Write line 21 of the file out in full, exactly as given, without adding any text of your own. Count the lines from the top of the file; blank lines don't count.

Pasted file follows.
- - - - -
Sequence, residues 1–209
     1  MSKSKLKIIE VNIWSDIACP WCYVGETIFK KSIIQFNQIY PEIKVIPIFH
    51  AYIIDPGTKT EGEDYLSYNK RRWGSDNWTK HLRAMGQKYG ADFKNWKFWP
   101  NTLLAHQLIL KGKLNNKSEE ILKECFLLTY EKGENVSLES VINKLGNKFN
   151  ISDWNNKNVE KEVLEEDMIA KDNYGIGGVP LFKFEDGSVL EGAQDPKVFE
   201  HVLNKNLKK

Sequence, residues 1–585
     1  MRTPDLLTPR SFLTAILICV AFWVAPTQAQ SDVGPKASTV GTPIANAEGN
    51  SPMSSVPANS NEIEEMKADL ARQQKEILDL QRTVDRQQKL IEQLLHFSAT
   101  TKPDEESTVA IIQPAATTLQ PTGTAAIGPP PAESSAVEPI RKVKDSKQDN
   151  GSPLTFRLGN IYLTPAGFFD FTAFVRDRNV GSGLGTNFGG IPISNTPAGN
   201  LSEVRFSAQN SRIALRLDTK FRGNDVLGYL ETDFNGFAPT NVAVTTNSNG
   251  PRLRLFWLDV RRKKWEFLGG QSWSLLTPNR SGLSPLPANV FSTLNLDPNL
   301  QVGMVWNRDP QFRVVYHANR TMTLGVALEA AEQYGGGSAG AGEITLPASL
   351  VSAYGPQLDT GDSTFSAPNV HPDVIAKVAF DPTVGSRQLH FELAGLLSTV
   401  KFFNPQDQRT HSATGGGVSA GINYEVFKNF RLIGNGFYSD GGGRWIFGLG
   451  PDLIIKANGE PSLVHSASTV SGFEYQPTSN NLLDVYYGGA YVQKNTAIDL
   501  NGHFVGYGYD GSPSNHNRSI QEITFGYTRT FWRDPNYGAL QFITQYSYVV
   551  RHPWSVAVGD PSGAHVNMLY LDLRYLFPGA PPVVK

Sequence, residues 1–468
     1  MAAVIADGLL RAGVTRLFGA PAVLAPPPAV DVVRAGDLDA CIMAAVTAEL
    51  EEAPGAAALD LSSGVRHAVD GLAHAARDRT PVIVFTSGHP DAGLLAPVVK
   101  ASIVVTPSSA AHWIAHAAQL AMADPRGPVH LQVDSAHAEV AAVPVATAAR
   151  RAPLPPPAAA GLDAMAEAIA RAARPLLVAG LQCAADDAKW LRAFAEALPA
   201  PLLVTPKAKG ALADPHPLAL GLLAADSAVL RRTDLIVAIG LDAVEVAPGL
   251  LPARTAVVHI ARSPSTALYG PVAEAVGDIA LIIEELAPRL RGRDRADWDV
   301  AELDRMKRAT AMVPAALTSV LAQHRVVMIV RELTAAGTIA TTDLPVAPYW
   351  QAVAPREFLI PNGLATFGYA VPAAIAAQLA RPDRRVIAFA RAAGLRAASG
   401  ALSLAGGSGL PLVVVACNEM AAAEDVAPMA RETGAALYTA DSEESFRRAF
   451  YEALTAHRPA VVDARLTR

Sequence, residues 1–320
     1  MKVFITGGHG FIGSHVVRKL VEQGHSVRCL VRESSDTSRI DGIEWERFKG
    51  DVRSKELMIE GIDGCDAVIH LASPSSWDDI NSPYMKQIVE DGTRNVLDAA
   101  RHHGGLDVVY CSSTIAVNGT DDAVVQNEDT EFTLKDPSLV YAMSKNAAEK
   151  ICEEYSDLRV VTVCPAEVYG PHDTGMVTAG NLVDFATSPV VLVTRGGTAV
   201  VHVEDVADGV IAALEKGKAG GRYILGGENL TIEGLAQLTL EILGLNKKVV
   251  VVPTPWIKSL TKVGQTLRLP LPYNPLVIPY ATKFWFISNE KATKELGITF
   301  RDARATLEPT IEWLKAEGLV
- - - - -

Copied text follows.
     1  MAAVIADGLL RAGVTRLFGA PAVLAPPPAV DVVRAGDLDA CIMAAVTAEL